Austin L. Wright, Stephen Stapleton, Andres Uribe

Televising Justice During War

Television is an overlooked tool of state building. We estimate the impact of televising criminal proceedings on public use of government courts to resolve disputes. We draw on survey data from Afghanistan, where the government used television as a mechanism for enhancing the legitimacy of formal legal institutions during an ongoing conflict. We find consistent evidence of court ‘uptake’ among survey respondents who trust television following the nation’s first televised criminal trial. We find no evidence that public confidence in other government functions (e.g. economy, development, corruption) improved during this period . Our findings suggest that television may provide a means of building state legitimacy during war.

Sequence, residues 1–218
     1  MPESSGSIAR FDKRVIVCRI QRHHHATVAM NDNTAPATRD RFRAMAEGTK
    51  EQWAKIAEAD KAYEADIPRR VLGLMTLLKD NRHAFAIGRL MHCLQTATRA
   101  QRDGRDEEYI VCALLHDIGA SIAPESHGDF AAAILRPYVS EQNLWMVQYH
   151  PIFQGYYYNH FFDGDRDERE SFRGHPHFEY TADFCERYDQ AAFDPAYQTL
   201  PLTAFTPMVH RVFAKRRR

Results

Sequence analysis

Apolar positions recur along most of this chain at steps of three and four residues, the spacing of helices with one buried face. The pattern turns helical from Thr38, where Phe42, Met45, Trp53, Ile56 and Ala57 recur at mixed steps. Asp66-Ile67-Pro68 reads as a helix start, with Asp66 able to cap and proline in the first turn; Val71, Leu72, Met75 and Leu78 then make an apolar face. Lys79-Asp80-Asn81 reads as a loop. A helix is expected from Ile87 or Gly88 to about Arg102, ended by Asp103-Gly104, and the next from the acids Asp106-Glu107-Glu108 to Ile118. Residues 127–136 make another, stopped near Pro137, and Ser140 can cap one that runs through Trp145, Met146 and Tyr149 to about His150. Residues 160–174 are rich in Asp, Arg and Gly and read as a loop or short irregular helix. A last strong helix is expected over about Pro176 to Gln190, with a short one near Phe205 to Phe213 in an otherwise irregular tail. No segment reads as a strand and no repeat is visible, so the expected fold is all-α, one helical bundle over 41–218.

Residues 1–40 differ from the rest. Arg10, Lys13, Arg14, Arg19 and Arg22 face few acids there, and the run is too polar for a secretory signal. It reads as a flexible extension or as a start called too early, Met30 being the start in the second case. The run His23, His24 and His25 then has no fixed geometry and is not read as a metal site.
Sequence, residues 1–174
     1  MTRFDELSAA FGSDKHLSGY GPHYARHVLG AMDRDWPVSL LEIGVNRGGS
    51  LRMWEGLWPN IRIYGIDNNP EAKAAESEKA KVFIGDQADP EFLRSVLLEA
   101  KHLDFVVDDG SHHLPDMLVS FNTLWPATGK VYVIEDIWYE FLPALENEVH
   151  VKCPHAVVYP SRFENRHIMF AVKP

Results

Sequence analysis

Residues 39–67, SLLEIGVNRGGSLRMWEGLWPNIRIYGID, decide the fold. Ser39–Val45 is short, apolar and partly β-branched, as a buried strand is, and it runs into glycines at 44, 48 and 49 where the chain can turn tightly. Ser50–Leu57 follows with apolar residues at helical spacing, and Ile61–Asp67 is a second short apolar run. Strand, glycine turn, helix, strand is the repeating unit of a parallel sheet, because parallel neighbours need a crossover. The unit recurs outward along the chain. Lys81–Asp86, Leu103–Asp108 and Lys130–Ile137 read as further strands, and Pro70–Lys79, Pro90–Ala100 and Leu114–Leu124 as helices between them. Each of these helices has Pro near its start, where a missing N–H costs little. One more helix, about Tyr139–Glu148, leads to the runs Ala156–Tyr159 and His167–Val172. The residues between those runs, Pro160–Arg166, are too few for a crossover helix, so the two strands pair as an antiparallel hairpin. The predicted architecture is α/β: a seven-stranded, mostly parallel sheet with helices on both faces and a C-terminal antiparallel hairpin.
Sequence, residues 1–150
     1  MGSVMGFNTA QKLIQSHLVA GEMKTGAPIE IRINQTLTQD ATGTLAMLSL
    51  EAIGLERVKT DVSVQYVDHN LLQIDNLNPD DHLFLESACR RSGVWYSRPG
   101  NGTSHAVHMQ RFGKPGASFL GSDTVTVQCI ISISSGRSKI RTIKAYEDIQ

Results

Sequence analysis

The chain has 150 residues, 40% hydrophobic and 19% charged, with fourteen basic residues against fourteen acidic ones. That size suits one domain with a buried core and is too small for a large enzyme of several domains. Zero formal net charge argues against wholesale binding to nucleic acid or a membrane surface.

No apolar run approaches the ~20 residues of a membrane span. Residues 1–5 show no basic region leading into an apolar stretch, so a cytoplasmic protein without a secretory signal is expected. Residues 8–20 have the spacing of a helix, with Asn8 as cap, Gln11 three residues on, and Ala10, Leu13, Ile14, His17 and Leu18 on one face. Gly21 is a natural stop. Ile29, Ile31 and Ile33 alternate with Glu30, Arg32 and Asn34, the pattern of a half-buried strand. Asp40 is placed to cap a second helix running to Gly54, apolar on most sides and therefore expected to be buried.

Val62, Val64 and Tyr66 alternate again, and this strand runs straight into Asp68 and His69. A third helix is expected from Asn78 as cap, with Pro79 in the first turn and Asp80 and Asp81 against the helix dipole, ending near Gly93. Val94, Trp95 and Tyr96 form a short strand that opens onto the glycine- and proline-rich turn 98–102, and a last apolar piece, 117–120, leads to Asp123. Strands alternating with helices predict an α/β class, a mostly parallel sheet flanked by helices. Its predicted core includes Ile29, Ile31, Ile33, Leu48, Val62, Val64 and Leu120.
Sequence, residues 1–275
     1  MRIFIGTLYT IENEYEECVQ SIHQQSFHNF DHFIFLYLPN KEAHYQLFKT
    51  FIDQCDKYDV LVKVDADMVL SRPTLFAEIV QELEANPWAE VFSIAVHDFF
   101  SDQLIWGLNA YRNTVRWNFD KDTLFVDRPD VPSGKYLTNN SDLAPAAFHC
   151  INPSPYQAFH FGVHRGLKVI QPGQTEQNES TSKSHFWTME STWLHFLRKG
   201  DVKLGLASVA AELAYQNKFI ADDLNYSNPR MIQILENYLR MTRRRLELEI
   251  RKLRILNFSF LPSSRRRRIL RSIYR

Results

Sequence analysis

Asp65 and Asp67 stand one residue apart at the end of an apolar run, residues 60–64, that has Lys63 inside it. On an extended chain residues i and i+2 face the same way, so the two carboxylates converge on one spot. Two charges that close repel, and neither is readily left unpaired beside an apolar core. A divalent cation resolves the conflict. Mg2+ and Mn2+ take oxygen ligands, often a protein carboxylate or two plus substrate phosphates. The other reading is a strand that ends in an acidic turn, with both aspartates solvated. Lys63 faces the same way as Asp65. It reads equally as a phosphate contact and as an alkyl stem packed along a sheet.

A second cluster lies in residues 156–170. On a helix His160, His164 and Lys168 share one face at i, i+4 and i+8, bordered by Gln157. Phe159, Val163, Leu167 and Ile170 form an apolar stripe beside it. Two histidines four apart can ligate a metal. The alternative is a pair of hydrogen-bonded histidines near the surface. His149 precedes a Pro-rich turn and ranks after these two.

Journal of Conflict Resolution

The University of Chicago